New lake at North Pole? More of a pond, really

Is the buzz warranted over a new "lake" at the North Pole thanks to global warming? Mostly no. But the Arctic ice is melting.

By , Staff writer

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    A remote Arctic webcam shows a large meltwater pond on July 22.
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The online buzz over a new "lake" on the North Pole as the latest symbol of global warming is mostly hype.

Yes, there is a new foot-deep body of water in the Arctic. But this isn't unusual. This is another Arctic pond caused by seasonal (summer) warming. And the camera lens distorts the size.

"I have seen much more extensive ponding," James Morison, the principal investigator for the North Pole Environmental Observatory told The Atlantic. "Because we use wide angle lenses the melt pond looks much bigger than it is."

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Note the use of the word "pond" to describe this body of water.

The Atlantic goes on to note that last summer's Arctic ice melt was one of the worst, and this year's hasn't been as bad, so far. The now-famous pond was the result of an early July heat wave.

"While the rate of Arctic sea ice loss is normally fastest during July, the warmest month of the year, ice loss was even faster than usual over the first two weeks of July 2013," according to the National Snow and Ice Data Center. "Compared to the 1981 to 2010 average, ice extent on July 15, 2013 was 1.06 million square kilometers (409,000 square miles) below average."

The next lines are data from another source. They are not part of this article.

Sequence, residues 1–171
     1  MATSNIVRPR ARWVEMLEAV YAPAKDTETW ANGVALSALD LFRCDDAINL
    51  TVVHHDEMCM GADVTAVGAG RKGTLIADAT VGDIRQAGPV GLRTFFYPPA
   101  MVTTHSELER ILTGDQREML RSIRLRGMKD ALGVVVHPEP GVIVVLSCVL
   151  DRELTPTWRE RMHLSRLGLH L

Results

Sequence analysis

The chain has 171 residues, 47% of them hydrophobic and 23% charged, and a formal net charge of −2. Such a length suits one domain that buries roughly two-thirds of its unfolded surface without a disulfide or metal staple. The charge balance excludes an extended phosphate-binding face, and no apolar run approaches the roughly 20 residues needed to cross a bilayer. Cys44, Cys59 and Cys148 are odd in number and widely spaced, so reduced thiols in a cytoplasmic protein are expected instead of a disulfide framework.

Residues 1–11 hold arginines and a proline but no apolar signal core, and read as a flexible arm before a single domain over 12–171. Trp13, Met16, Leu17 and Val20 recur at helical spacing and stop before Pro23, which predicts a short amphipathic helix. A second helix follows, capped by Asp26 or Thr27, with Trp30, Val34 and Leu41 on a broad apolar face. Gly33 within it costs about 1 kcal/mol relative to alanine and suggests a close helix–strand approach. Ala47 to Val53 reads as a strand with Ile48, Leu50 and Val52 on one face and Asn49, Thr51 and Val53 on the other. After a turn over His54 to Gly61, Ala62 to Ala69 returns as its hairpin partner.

Still, global warming is taking a toll on the Arctic, say most scientists. As the National Oceanic and Atmosphere Administration 2012 Arctic Report Card states: "Large changes in multiple indicators are affecting climate and ecosystems, and, combined, these changes provide strong evidence of the momentum that has developed in the Arctic environmental system due to the impacts of a persistent warming trend that began over 30 years ago."

And as The Christian Science Monitor noted this week, it's not the creation of Arctic ponds that's worrying – it's the release of methane gas. The release of Arctic methane gas due to warming trends is an "economic time bomb," which could cost the world $60 trillion. Yes, that's trillion – the equivalent of the world's entire economic output in 2012.

"The Arctic ice stores roughly 50 billion tons of methane, a concentrated gas some 20 times more powerful than carbon dioxide. Over the past few years, scientists have observed the gas pluming from the region’s thawing ice. That raised the question: even as profits are hauled in from shipping and drilling in the Arctic, could that methane gas be waiting to undo all those gains? Could the toll of that released gas far outweigh the rewards of melting Arctic’s ice?"

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